Saving for Retirement: 3 Important Decisions About Benefits

It’s a new year, and for many workers, that means it is benefit enrollment season. Even if you don’t need to enroll in new benefits with your employer, it is a great time to review your current benefits and see if any changes are necessary.

Unsure which changes you need to make? Choosing the right employer benefits depends on your unique needs, goals and financial situation. However, if one of your primary goals is to save more money for retirement, then there are a few changes or adjustments you may want to consider.

As you review your benefit options this enrollment season, think about taking the following steps to boost your retirement savings:


1.  Maximize your 401(k) contributions.

One of the most effective ways to boost your retirement savings may be as simple as increasing the amount you contribute to your 401(k). Many consider having this contribution taken directly out of their paycheck as the easiest way to maximize their contributions. Consider setting a higher contribution amount or maxing out your contribution to best optimize your 401(k).

For 2017, the maximum contribution amount for a 401(k) is $18,000, with a $6,000 additional catch-up contribution limit for participants over the age of 50—the same as 2016. If your employer offers a match, it will go in to your account on top of your contribution and could help boost your retirement savings very quickly.


2.  Fund your HSA.

Does your employer offer a health savings account (HSA)? If so, now may be the time to start contributing to it. An HSA allows you to contribute money on a tax-deductible basis, grow the money tax-deferred and then withdraw it tax-free (as long as it is used for qualified medical expenses).

Here’s how it can become a powerful retirement savings vehicle. You don’t have to use the money in your HSA every year. You can rollover your unused funds, and even take the account with you into retirement. This means you can start saving for medical bills you will likely face as you age. Best of all, you can grow the money over time in a tax-advantaged manner.


3.  Reduce your 401(k) fees.

Want to improve your 401(k) return by a percentage point or more? Take a look at the fees you are paying for your 401(k) investments. Many investors don’t know there are fees inside of their 401(k) plans. However, it’s likely your plan has administrative fees and management fees for each of the funds.

Ask your plan administrator for a breakdown of your plan’s fees. If you’re invested in high-cost investment options, consider whether or not you could get the same level of diversification, risk management and performance potential from lower cost funds.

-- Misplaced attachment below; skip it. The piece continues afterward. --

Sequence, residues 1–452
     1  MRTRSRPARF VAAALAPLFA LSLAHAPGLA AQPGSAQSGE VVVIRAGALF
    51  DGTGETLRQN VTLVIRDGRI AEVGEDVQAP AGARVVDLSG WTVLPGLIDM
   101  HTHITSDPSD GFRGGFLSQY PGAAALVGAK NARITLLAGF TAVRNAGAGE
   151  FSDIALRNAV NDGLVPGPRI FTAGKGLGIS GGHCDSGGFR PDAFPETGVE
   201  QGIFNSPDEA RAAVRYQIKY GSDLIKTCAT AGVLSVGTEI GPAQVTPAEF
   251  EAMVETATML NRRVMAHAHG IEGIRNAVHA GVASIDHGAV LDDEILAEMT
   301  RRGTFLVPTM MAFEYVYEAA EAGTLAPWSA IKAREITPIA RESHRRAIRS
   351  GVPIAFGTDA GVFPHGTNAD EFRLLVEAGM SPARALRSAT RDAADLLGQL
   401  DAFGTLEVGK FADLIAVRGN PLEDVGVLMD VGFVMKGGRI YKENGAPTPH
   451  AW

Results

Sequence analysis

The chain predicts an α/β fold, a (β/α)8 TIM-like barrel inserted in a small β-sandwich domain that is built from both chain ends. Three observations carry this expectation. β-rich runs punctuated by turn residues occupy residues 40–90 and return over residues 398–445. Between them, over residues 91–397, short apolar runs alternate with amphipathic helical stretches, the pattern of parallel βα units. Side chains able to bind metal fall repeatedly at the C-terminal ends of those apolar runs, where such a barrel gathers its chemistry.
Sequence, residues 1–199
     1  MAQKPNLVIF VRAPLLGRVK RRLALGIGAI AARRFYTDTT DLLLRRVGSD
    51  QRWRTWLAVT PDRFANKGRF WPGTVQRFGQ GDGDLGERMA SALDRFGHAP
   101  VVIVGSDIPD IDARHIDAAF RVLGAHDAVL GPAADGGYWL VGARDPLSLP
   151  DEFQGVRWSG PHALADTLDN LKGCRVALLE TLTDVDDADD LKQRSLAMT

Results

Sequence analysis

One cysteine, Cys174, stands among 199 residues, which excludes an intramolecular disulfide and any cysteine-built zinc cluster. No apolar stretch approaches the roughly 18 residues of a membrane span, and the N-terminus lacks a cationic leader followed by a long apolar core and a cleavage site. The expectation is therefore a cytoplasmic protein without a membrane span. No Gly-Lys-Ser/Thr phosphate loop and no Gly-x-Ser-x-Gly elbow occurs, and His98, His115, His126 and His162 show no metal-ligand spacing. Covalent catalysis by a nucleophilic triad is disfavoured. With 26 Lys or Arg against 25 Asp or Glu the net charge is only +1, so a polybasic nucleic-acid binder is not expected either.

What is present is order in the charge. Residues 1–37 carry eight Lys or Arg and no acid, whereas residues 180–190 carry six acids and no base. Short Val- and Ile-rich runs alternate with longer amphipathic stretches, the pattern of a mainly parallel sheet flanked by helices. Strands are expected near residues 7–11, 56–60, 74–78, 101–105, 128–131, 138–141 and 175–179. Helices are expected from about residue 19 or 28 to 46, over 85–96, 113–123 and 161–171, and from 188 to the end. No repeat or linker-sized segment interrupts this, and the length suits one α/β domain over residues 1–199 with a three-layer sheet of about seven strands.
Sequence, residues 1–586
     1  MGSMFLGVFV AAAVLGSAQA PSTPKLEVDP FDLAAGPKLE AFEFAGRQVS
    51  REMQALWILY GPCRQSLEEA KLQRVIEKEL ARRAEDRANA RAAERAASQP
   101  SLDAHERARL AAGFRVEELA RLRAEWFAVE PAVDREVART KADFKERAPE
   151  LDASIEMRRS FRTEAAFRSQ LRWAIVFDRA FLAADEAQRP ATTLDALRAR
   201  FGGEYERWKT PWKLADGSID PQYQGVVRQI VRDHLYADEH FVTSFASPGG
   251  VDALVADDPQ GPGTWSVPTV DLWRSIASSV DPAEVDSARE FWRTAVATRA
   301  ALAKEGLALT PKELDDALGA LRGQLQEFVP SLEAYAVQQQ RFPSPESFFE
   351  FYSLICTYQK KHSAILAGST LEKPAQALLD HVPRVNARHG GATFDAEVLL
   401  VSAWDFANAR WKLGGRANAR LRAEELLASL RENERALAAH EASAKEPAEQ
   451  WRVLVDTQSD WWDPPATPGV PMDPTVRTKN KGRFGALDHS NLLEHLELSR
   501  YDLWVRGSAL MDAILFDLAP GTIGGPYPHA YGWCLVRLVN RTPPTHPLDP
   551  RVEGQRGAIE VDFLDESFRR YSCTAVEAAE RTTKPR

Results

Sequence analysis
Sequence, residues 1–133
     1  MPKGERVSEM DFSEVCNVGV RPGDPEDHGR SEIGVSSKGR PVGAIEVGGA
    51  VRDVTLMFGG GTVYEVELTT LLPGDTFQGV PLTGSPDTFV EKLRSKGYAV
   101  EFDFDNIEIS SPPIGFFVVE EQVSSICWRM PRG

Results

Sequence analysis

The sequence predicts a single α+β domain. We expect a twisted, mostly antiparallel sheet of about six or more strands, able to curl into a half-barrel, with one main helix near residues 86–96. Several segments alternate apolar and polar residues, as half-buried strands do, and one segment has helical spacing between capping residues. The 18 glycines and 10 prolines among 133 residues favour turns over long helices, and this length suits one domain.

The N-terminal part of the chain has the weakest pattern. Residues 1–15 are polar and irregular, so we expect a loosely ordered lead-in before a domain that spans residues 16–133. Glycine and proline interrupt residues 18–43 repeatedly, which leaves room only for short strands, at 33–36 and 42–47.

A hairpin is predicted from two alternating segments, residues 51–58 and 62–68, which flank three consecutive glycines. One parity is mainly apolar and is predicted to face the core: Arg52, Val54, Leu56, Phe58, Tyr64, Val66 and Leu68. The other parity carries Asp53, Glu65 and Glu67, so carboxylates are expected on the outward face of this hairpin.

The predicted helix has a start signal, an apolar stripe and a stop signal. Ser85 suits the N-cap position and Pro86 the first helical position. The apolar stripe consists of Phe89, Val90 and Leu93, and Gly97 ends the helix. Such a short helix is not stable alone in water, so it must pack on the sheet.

Also, if you still have a 401(k) plan at a former employer, consider rolling it into an individual retirement account (IRA). With an IRA, you may be able to choose your own investment options, so you can focus on keeping investment fees under control.

For more information, discuss your benefit options with your financial professional. They can help you develop a financial plan and determine how your current benefit selections fit into that plan.


This information is designed to provide a general overview with regard to the subject matter covered and is not state specific. The authors, publisher and host are not providing legal, accounting or specific advice for your situation. By providing your information, you give consent to be contacted about the possible sale of an insurance or annuity product. This information has been provided by a Licensed Insurance Professional and does not necessarily represent the views of the presenting insurance professional. The statements and opinions expressed are those of the author and are subject to change at any time. All information is believed to be from reliable sources; however, presenting insurance professional makes no representation as to its completeness or accuracy. This material has been prepared for informational and educational purposes only. It is not intended to provide, and should not be relied upon for, accounting, legal, tax or investment advice.

16067 – 2016/8/31

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